Endswell presents 3D printed jewelry collection

Endswell presents 3D printed jewelry collection

Nowadays 3D printing is being spread everywhere. Endswell Jewerly has recently announced that they combined traditional handicraft and newest 3d printing technologies to produce their solid gold cast jewelry.

The team of designers based in San Francisco, Rachel Gant and Andrew Deming, who have a huge background in different design spheres, were behind the Endswell new collection. They say that their contribution to the wedding rings collection was based on their own experience as a modern couple living in 21st century: “We are a couple but we are not married, and this actually does have significant impact on how Endswell came about… We’ve openly discussed marriage and the selection of rings that we encountered produced a glaring void – they just don’t align with how we envision our lifestyle and relationship.”

3d printing jewelry

The rings from the Endswell collection come in yellow, rose or white and may be cast in 10K, 14K or even 18K gold. To make them more affordable, the rings are sold as sets and the price varies between $275 and $475.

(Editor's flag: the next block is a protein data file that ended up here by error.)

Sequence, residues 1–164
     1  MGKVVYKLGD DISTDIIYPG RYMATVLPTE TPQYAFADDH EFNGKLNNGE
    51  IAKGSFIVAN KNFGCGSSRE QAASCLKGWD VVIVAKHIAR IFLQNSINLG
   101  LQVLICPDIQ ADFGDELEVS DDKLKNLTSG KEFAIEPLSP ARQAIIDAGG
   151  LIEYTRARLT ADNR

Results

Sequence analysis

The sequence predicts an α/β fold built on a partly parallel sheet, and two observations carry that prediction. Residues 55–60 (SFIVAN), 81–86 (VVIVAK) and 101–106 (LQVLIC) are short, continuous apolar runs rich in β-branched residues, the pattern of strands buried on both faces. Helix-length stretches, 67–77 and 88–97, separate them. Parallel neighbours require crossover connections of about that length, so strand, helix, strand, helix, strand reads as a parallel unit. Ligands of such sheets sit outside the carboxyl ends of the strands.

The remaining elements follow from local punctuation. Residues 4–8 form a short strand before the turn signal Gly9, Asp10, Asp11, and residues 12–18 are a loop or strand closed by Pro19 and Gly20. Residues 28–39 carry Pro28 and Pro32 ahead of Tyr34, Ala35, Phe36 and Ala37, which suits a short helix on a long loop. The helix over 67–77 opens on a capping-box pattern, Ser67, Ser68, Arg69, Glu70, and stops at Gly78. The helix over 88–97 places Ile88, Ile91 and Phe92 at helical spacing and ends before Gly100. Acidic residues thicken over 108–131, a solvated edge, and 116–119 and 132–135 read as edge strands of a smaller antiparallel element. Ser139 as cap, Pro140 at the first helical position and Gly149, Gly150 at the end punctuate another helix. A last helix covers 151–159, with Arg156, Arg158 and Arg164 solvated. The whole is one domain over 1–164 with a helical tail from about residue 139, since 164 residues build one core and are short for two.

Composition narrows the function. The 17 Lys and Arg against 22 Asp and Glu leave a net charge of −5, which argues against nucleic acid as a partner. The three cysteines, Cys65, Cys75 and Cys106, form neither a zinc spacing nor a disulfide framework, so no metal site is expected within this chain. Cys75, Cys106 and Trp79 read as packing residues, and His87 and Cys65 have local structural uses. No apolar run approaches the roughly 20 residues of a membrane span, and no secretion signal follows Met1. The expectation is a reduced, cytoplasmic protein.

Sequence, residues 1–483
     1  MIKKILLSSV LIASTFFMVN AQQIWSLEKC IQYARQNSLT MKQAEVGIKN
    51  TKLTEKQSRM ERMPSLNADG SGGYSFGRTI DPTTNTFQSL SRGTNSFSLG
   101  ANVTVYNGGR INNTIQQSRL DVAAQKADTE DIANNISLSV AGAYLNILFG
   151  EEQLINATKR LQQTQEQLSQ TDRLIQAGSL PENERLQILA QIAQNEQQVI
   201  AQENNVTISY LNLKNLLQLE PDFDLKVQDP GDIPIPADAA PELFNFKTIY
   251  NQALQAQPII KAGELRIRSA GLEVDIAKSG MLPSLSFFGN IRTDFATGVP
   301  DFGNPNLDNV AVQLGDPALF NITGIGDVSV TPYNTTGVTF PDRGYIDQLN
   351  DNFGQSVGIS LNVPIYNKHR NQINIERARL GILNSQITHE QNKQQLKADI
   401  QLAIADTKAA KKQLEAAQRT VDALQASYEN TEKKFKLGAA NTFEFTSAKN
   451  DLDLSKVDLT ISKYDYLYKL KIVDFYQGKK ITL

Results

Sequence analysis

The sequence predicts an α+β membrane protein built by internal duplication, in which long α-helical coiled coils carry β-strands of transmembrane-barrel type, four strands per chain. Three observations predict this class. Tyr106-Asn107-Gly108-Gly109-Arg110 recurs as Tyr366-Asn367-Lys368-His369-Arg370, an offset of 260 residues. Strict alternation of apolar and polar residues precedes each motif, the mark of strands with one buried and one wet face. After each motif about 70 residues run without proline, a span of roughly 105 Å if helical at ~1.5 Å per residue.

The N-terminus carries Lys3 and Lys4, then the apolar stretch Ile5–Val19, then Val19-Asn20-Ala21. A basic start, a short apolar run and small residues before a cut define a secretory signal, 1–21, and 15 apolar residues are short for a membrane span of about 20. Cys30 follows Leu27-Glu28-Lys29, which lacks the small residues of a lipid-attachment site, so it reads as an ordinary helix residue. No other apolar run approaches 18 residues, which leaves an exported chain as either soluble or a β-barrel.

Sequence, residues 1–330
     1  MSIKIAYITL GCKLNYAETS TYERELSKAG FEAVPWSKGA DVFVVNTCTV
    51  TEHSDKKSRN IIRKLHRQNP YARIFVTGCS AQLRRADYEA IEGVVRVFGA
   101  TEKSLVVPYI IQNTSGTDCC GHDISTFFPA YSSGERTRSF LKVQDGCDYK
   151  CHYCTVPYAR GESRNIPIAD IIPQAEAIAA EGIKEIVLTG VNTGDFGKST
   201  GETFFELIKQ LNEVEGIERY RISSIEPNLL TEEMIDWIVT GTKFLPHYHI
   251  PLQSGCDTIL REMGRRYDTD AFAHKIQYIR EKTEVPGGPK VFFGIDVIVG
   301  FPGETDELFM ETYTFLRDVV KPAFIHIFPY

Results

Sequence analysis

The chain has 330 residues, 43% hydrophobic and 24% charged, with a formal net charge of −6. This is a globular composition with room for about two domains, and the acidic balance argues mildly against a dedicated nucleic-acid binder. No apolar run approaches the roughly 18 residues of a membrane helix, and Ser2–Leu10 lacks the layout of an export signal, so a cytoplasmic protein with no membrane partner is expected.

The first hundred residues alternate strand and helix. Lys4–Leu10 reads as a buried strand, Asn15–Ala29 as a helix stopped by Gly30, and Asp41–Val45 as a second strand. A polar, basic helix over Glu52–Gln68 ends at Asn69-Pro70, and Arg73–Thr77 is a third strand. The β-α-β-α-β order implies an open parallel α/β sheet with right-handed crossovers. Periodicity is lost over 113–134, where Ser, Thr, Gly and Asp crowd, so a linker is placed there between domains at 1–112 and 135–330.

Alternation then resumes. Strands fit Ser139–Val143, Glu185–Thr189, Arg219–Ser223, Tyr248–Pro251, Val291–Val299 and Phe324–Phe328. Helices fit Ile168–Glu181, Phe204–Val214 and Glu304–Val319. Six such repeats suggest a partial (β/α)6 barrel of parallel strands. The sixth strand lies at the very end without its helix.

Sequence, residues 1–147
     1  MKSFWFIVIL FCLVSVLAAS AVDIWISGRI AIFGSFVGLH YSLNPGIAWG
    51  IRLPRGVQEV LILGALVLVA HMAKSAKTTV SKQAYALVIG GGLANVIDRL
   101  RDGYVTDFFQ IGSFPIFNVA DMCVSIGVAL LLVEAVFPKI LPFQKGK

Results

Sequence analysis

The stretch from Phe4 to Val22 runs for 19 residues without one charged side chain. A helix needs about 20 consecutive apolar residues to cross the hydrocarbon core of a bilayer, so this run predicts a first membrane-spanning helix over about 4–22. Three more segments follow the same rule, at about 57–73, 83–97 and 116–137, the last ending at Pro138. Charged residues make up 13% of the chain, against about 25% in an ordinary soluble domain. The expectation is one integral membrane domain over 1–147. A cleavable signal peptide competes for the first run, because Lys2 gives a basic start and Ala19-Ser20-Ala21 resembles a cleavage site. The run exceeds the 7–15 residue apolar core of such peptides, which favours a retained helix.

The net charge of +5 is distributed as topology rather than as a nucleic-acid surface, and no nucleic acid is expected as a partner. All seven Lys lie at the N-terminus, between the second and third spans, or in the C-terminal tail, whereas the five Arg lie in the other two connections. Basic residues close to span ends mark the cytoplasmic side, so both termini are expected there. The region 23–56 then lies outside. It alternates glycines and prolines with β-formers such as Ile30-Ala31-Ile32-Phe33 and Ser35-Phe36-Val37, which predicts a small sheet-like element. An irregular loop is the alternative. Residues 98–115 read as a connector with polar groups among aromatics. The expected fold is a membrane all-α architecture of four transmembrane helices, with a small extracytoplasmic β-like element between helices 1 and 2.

During an interview with “Cool Hunting” that is specialized in materials related to creativity, innovation in design, travel and other inspiring themes, Gant and Deming told that they had spent a lot of time for this collection: “With Endswell, a larger inspiration is at play in reconsidering how marriage should be seen in the modern day… We see the modern couple looking for a design that embodies the core element of a relationship. It’s about unity, commitment, and support. You will notice a repeating theme in our rings of infinite surfaces and intersecting forms. These come about when designing from a vocabulary, when words take form.”

Also read:  Jennifer Berry’s Bees-Inspired 3D Printers

Endswell jewelry

Gant and Deming also reviled that their approach to ring design was built on one phrase – “All’s well that ends well.” Rachel Gant says: “We found it to be a nice sentiment because it acknowledges a sort of perfect imperfect. To us it means that we can’t always predict and control exactly how life will turn out, but if we act with positive intention and our minds are open, good things will come. We are creating pieces that are very much today, but part of that is considering what we are passing along. We want to create heirlooms with meanings that last.”

The material is prepared based on Coolhunting

 

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